The Lost Movies

Originally, I wasn’t going to say anything about these films, because the movies are lost and I can’t watch it. I felt that they should at least be written about, even if it’s only a small amount of information, because they were important. It was an important step to animation. Then I came across an article explaining about Cristiani and the lost movies. I thought it was an interesting read. So, I decided to give out some information about the movies from what I could find. Most of the information comes from Wikipedia and an article by Bendazzi. I’ll post the links on the bottom of the page.

A little clip on Christiani and animation.

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  • Quirino Cristiani was born in 1896 in Italy and died in 1984 in Argentina. He moved there in 1900 with his family.
  • He loved drawing and attended The Academy of Fine Arts for a small amount of time. He hung around newspaper offices, where editors were willing to publish his caricatures.
  • Federico Valley, another Italian, (some kind of pattern going on here?) came to Buenos Aires. One of the first, if not the first, to employ aerial cinematography. He became a producer, but loved working with newsreel.
  • “In 1916, in Buenos Aires, the newsreel “Actualidades Valle” had two-and-a-half minutes of animation entitled La intervención en la provincia de Buenos Aires. Its subject: the intervention by President Irigoyen against the governor of Buenos Aires, Marcelino Ugarte. Irigoyen charged him with dishonesty, and replaced him. Quirino Cristiani had drawn and animated the sequence using techniques he had learned from studying films by Émile Cohl that Valle had kept in his exchange. His studio could hardly be described as state-of-the-art, even then: he shot the film frame-by-frame on the terrace of a house in Buenos Aires, using the sun as his light source, with wind ready to ruin a shot at any moment. Starting with this first film, Cristiani used cardboard cutouts, a technique he later perfected and patented.” (Bendazzi)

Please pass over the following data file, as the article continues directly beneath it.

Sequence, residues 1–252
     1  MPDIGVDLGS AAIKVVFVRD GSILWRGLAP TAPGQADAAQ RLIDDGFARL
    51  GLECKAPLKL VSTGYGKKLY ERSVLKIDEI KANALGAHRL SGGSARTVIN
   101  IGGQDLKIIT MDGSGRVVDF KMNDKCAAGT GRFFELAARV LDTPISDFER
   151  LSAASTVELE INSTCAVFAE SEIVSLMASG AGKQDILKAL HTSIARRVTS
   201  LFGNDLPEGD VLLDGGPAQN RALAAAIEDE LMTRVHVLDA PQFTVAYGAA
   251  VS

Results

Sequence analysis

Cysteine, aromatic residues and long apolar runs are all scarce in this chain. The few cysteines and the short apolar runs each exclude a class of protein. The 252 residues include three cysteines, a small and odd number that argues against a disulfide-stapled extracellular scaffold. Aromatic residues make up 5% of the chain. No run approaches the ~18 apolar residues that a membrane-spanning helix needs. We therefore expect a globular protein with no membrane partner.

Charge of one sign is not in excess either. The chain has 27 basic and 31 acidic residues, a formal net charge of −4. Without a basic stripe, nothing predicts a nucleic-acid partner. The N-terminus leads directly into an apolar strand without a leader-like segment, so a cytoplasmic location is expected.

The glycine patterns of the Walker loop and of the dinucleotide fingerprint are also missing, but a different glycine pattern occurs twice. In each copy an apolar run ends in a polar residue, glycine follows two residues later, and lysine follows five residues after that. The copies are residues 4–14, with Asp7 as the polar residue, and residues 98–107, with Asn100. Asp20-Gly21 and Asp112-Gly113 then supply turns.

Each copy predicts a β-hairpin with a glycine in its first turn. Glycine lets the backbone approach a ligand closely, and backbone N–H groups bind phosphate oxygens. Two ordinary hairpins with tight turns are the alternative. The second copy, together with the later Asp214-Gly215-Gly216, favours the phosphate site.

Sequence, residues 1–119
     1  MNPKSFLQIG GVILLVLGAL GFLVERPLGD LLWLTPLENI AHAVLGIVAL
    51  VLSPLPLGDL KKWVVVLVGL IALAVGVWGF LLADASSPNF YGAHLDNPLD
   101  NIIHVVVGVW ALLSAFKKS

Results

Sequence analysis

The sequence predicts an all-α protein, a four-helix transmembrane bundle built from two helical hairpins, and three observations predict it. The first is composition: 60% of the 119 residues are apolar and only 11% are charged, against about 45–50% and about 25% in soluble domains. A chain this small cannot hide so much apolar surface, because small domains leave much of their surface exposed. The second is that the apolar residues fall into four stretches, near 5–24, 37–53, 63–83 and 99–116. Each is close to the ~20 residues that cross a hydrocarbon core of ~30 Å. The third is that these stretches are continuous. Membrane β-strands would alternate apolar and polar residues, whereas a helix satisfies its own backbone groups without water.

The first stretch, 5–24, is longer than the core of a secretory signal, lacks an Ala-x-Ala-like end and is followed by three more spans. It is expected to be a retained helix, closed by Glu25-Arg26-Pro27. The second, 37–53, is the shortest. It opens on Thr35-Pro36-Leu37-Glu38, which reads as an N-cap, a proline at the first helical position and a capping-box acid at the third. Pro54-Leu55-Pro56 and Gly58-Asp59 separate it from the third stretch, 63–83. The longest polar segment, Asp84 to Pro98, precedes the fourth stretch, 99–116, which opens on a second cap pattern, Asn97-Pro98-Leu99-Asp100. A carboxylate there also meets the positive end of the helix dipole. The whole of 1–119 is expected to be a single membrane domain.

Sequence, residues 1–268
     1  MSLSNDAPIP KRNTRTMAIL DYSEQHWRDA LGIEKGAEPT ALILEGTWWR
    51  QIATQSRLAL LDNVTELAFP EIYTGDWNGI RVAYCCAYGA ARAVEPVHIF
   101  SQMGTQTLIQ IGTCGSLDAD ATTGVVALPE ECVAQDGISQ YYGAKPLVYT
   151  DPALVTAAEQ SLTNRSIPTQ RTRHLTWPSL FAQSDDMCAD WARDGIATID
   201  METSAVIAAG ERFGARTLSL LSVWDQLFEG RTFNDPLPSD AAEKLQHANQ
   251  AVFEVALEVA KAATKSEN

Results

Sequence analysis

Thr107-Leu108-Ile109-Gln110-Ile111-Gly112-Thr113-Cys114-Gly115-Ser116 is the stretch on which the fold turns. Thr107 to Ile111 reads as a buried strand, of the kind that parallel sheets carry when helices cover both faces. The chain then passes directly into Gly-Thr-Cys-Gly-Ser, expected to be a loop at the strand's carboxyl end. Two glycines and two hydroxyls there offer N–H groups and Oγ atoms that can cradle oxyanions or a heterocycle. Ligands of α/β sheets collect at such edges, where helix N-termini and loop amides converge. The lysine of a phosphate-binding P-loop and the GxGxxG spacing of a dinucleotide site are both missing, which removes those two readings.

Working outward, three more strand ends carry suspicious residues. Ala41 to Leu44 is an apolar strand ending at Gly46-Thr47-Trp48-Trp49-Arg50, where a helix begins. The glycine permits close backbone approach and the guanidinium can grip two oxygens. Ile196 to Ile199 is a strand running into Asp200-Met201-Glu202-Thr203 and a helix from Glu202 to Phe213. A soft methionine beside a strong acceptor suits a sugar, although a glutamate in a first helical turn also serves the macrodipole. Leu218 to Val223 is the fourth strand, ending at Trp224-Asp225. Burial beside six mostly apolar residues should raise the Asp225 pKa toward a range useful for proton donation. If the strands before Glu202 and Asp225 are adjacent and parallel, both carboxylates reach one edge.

• Everyone loved this film, and together Federico and Cristiani raised money to create the first animated movie ever: El Apostle.

El Apostle: